In any workers’ compensation case, it tends to be in the employer’s best interests to downplay the extent to which an employee was hurt and the causal connection between a worker’s injury and the work accident.Even if the state commission or courts won’t completely deny a worker benefits, it may be possible to have benefits significantly reduced if employer is successful on either of these fronts.
In the recent case of Damme v. Pike Enters., Inc., attorneys for the company argued the worker’s pre-existing degenerative back condition undercut her claim for benefits for work injury because the on-the-job accident was not in fact an “injury” but rather a “temporary system aggravation.”
Atlanta workers’ compensation attorneys know there have been a number of courts nationally holding temporary aggravation of an existing condition is not compensable under the law.
The law does allow persons with a pre-existing condition to collect benefits when that condition is worsened as a result of a work accident. However, claimants should recognize employers will likely bring this defense, and your legal team must come prepared.
In Damme, before the Nebraska Supreme Court, worker had a history of degenerative disc disease, going back to 1995, when lower back problems prompted her to undergo a lumbar laminectomy. She additionally suffered from mental health problems and illicit drug use, and regularly sought treatment from a psychiatrist.
In 2001, she suffered an on-the-job injury when several boxes fell on top of her, injuring her back and neck. She underwent surgery, and her employer agreed to cover her for 8 percent whole-body permanent partial disability.
The next year, she began receiving Social Security Disability Insurance benefits due to her psychiatric problems, though she continued to work because “keeping busy” helped with her mental stability.
Two years after that, she was struck by a semi truck, and while she did report mild pain, she had no complications from the crash.Two years later, she suffered a fall at a store, resulting in increased neck and lower back pain. She underwent physical therapy, but did not undergo another surgery.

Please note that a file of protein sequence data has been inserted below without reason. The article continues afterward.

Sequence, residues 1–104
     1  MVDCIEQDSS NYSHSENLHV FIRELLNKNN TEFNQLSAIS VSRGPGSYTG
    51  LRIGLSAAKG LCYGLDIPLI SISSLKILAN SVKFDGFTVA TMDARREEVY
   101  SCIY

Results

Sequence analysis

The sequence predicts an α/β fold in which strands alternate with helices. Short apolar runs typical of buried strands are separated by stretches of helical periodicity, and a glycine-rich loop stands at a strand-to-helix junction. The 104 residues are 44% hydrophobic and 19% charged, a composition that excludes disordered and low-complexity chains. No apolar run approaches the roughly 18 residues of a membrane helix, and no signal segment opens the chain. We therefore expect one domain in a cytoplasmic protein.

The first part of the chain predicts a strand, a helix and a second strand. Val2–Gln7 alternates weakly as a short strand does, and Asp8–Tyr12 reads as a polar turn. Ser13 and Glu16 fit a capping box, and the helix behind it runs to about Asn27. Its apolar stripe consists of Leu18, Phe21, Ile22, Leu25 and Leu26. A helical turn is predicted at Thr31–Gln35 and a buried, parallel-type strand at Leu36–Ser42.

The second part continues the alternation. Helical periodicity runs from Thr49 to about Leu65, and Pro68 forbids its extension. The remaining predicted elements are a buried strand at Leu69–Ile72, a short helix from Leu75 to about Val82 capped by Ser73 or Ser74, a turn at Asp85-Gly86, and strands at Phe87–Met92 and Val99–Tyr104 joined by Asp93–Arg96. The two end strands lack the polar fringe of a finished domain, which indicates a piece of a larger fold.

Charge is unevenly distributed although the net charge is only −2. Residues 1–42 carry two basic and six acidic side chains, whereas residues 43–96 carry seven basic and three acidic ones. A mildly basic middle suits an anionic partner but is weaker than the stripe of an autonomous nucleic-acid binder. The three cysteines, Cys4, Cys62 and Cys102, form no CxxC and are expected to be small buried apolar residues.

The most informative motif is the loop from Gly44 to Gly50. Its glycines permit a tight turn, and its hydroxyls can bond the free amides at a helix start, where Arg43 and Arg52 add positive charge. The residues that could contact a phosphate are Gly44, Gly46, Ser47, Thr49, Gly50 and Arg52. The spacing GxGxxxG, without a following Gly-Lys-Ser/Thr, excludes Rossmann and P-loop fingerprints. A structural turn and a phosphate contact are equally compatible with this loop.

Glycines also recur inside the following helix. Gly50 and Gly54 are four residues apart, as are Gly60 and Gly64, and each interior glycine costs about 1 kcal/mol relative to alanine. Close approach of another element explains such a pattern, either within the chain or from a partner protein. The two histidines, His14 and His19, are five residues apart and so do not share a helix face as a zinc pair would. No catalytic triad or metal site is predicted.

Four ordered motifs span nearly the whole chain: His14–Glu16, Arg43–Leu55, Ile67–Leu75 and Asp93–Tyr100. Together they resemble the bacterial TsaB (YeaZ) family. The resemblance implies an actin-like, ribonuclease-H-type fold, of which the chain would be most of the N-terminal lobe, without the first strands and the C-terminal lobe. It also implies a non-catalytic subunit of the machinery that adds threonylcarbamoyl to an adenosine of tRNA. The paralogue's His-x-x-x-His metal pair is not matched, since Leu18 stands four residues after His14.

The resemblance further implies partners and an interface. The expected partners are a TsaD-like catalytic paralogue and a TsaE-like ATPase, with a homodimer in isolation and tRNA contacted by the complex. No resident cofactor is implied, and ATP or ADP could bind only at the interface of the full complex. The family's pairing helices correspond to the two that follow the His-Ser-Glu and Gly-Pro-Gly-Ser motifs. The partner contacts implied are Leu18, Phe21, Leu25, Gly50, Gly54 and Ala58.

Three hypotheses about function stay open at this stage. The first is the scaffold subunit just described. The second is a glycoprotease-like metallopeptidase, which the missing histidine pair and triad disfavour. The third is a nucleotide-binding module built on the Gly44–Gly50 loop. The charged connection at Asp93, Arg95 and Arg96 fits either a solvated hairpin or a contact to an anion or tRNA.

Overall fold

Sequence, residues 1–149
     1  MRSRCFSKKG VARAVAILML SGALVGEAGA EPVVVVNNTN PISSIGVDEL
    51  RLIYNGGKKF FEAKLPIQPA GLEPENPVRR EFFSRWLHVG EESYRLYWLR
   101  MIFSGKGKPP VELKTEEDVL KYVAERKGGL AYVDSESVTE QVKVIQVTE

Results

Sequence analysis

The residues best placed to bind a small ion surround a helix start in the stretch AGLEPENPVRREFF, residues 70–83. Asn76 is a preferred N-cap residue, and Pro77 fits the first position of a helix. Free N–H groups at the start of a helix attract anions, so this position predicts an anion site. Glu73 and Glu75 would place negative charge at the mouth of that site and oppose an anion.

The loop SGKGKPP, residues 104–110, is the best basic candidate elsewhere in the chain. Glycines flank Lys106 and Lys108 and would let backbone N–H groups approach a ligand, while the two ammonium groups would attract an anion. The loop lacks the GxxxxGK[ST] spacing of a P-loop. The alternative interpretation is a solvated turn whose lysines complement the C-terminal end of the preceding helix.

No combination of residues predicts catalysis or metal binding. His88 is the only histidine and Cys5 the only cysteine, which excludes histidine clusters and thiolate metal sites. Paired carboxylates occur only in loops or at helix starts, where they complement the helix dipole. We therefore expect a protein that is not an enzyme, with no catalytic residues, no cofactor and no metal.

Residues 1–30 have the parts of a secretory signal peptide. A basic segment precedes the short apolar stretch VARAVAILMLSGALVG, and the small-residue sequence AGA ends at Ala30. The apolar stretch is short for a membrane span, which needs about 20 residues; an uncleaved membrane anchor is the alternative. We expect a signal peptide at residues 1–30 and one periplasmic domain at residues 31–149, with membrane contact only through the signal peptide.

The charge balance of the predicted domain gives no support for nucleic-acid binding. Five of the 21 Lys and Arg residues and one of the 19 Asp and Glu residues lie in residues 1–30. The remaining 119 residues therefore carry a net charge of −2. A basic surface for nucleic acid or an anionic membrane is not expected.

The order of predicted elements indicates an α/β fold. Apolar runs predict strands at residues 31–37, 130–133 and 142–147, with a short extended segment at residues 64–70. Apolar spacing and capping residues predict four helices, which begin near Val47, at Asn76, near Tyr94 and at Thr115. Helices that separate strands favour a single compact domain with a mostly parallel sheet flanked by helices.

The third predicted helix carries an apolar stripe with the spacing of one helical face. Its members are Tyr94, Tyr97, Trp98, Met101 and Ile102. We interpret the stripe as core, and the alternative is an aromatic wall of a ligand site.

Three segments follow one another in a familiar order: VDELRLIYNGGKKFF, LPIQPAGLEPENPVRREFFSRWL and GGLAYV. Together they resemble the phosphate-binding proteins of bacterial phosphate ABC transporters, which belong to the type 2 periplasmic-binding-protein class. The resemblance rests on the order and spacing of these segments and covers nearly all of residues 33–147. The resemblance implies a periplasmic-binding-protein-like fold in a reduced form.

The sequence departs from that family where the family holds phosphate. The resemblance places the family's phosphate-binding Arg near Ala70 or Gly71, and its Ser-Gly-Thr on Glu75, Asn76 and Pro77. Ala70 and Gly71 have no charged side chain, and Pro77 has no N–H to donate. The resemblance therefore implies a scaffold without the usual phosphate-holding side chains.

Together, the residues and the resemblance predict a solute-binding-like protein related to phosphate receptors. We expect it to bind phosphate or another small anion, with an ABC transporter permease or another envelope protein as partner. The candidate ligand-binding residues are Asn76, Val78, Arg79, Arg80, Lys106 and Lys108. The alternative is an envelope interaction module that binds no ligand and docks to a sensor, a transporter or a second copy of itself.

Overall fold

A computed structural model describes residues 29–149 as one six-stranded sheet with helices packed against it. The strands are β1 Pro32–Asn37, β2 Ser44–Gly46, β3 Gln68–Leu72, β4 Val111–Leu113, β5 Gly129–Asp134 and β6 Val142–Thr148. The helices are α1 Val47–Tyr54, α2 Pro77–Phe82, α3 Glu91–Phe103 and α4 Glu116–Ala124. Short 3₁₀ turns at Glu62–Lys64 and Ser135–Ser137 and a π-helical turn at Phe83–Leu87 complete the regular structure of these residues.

Another two years passed. She was working for the same employer when she tripped and fell against a wall, resulting in neck pain. A month after that, the neck pain was still severe, and had remained constant, though with variable intensity. She again underwent physical therapy.
The following year, she went to work for a fast-food restaurant. While carrying bags inside, she bent over to put the bags down and felt a pop in her back, followed by searing, burning pain. At first, she was unable to stand. She had never before experienced such pain. She went to the hospital, which diagnosed her with a sprain and prescribed her muscle relaxers and pain medication. A few days later, she was given a stronger pain medication. An x-ray revealed her condition had significantly worsened from three years earlier. She underwent numerous non-surgical treatments.
Not long after, she was arrested after she stopped taking her psychiatric medication. She was later found incompetent to stand trial, and was incarcerated for six months. Upon release, she was referred to a new pain management physician and a new surgeon. That doctor noted since her work injury, the pain was constant. He agreed to perform surgery if she stopped smoking and reduced her narcotic intake. The surgery, performed in January 2013, was successful. Within three months, her back pain was minimal and occasional. She was later released to work without restrictions.
In seeking workers’ compensation benefits, the court found no question she injured her lower back in October 2009 while working for the restaurant. She had not before that been prescribed narcotic pain medication and she continued to experience severe pain until her surgery. Although the company denied benefits, the court found surgery was a reasonable and necessary treatment for her 2009 injury. The court awarded her temporary total disability benefits from the time of the injury through the time of her surgery. It also rejected the company’s assertion it should not have to pay benefits to the worker while she was incarcerated.
Employer appealed this ruling, arguing worker’s condition was a temporary aggravation of a pre-existing condition, as opposed to an exacerbation of that condition. The state supreme court rejected that argument, and affirmed the lower court’s assignment of benefits. The court noted a claimant isn’t required to prove apportionment of symptoms to an accident, so long as evidence shows the accident was a contributing cause of injury.
For information on Atlanta work injury compensation, contact J. Franklin Burns, P.C., at 1-404-303-7770.